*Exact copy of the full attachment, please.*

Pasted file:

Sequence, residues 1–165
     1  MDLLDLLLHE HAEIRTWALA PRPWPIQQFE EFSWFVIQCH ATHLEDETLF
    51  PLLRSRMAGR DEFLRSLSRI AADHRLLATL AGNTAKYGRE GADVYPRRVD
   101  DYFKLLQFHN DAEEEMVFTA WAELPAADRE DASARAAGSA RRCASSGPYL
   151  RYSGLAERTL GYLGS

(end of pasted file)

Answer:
Sequence, residues 1–165
     1  MDLLDLLLHE HAEIRTWALA PRPWPIQQFE EFSWFVIQCH ATHLEDETLF
    51  PLLRSRMAGR DEFLRSLSRI AADHRLLATL AGNTAKYGRE GADVYPRRVD
   101  DYFKLLQFHN DAEEEMVFTA WAELPAADRE DASARAAGSA RRCASSGPYL
   151  RYSGLAERTL GYLGS